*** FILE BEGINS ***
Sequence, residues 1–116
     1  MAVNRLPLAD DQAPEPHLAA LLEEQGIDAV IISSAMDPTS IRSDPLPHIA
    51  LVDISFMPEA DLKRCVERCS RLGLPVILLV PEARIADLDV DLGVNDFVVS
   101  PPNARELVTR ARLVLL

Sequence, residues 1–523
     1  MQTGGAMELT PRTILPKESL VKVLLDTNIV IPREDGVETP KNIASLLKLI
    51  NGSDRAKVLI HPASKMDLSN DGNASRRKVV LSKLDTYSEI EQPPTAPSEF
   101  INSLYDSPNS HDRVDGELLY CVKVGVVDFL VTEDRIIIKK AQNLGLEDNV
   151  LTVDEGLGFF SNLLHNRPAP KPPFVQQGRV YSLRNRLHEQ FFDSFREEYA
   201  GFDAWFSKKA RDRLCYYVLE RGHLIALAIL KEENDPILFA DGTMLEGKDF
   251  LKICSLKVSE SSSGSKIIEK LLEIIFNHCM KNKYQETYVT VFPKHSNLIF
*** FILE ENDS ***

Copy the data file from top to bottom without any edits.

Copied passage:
Sequence, residues 1–116
     1  MAVNRLPLAD DQAPEPHLAA LLEEQGIDAV IISSAMDPTS IRSDPLPHIA
    51  LVDISFMPEA DLKRCVERCS RLGLPVILLV PEARIADLDV DLGVNDFVVS
   101  PPNARELVTR ARLVLL

Sequence, residues 1–523
     1  MQTGGAMELT PRTILPKESL VKVLLDTNIV IPREDGVETP KNIASLLKLI
    51  NGSDRAKVLI HPASKMDLSN DGNASRRKVV LSKLDTYSEI EQPPTAPSEF
   101  INSLYDSPNS HDRVDGELLY CVKVGVVDFL VTEDRIIIKK AQNLGLEDNV
   151  LTVDEGLGFF SNLLHNRPAP KPPFVQQGRV YSLRNRLHEQ FFDSFREEYA
   201  GFDAWFSKKA RDRLCYYVLE RGHLIALAIL KEENDPILFA DGTMLEGKDF
   251  LKICSLKVSE SSSGSKIIEK LLEIIFNHCM KNKYQETYVT VFPKHSNLIF